Applications that use the CICS asynchronous API have the potential to be significantly more efficient than their sequential counterparts, but developing for an asynchronous programming model has its own considerations. Generally, an application using the CICS asynchronous API will generate a large number of smaller tasks within a CICS system, making system management an important aspect of making the most of what asynchronous processing has to offer.
What is TRANCLASS?
TRANCLASS is a way of grouping transactions: by assigning a TRANCLASS to a transaction(s), you can control how CICS dispatches tasks belonging to that transaction class. Using the MAXACTIVE attribute of TRANCLASS, which limits the maximum number of tasks (of that transaction class) which can run concurrently in a CICS system, in conjunction with MXT is an easy way to manage workload.
TRANCLASS for parent transactions
Specifying a TRANCLASS for parent transactions is important to ensure that there's enough capacity left in your CICS system to process the child tasks that will be created. If there are too many parent tasks then no child tasks (or any other tasks) will be able to attach and the system could come to a total halt. Limiting the maximum number of parent tasks also limits the number of potential child tasks, which will help you keep a lid on your workloads.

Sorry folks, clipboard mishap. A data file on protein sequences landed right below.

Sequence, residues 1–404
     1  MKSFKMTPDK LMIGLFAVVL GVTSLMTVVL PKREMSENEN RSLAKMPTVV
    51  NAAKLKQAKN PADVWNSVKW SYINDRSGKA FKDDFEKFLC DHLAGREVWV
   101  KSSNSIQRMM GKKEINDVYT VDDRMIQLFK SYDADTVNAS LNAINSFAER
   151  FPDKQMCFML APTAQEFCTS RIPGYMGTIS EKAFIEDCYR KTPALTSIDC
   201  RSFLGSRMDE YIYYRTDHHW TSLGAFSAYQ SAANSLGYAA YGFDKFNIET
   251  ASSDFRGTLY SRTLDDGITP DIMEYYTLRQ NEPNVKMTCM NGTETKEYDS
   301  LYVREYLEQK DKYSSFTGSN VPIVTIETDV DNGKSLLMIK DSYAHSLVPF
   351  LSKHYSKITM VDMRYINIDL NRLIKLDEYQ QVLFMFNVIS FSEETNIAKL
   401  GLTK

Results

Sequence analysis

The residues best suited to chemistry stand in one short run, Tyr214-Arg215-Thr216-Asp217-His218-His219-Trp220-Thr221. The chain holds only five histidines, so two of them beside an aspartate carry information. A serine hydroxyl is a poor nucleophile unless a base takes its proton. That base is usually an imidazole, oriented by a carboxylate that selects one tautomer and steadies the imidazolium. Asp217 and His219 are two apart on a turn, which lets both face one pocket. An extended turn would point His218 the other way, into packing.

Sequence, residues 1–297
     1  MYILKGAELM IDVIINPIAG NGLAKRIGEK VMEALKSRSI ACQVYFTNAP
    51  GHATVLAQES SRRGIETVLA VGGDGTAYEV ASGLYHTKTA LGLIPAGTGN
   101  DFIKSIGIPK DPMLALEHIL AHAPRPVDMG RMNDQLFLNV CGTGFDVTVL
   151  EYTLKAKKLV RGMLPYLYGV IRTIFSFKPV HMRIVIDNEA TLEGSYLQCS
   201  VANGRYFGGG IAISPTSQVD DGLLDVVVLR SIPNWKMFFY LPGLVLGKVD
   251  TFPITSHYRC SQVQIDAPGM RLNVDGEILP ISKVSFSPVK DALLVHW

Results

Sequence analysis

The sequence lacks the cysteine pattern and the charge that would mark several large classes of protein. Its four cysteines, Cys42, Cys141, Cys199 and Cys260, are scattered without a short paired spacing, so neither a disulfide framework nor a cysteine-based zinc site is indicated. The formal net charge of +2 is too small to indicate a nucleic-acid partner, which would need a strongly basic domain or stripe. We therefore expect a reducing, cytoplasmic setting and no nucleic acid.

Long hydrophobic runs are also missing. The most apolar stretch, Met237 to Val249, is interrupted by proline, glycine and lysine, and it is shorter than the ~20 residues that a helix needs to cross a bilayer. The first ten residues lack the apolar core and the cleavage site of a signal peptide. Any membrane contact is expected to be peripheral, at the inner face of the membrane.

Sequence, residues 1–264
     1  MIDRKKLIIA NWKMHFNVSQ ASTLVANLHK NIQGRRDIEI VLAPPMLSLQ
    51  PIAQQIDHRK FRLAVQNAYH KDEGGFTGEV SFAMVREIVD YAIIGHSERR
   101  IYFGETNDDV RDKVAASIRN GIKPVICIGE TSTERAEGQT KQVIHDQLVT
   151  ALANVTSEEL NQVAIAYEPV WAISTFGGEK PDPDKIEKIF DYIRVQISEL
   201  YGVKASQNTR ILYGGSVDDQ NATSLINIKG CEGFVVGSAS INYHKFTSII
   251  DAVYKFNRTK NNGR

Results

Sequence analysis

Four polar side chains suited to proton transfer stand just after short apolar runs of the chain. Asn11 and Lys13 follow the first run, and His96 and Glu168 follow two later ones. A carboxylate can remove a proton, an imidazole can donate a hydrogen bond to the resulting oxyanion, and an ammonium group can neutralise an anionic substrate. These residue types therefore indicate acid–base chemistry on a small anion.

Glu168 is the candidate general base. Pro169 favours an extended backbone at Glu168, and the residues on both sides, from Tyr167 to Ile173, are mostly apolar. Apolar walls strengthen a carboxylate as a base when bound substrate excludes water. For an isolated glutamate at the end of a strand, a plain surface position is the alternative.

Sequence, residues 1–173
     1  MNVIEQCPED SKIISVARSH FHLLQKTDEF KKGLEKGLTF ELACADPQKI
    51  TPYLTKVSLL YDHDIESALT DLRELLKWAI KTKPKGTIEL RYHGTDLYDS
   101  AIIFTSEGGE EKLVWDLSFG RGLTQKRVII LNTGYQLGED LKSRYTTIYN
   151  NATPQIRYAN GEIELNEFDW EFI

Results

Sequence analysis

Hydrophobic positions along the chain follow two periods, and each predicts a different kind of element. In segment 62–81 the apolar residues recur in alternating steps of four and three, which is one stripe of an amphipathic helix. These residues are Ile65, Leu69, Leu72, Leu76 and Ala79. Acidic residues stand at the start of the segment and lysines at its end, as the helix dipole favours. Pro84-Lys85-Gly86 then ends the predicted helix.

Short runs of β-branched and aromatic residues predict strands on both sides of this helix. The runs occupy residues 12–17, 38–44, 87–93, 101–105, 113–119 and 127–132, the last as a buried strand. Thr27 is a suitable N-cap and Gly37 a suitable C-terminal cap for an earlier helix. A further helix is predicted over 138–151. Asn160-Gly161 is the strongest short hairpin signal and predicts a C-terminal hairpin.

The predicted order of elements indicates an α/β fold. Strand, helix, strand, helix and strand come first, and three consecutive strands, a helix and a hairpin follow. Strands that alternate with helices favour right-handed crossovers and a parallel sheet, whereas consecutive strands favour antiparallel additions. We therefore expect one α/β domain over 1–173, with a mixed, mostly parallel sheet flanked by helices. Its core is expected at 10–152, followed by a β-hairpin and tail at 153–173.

Although the specifics will vary depending on your asynchronous applications, a good rule of thumb is to make sure that the maximum possible number of parent tasks plus the maximum possible number of child tasks is less than your MXT value. When setting the MAXACTIVE value for TRANCLASS, keep in mind that although your parent task may only create three children, there could be multiple parent tasks running in your system at any given time.
TRANCLASS for child transactions
Using a TRANCLASS for child transactions is less critical, assuming you've configured TRANCLASS settings appropriately for parent transactions. The limits imposed by the parent TRANCLASS will control the number of child tasks in your system as well, and the sooner child tasks can be dispatched the better, so limiting them with MAXACTIVE can be detrimental.
If you do choose to set TRANCLASS for your child transactions, don't use the same TRANCLASS for child transactions and parent transactions, otherwise you can end up with a system full of parent tasks and no space for child tasks to attach. The MAXACTIVE value for a child TRANCLASS should be higher than that of a parent TRANCLASS.
TRANCLASS for multiple generations of children
If your asynchronous application has child tasks which have their own children (i.e. more than one generation of children), you'll need to take into account of all those generations when setting the TRANCLASS, so that the maximum number of tasks across the generations are still under MXT.
Limiting the number of parent tasks with TRANCLASS is the most important part of managing asynchronous workload. By setting a TRANCLASS for parent transactions, and ensuring that the MAXACTIVE value is set proportionally to your system's MXT, you can make the most of your asynchronous applications – and that means less wasted time and improved responsiveness.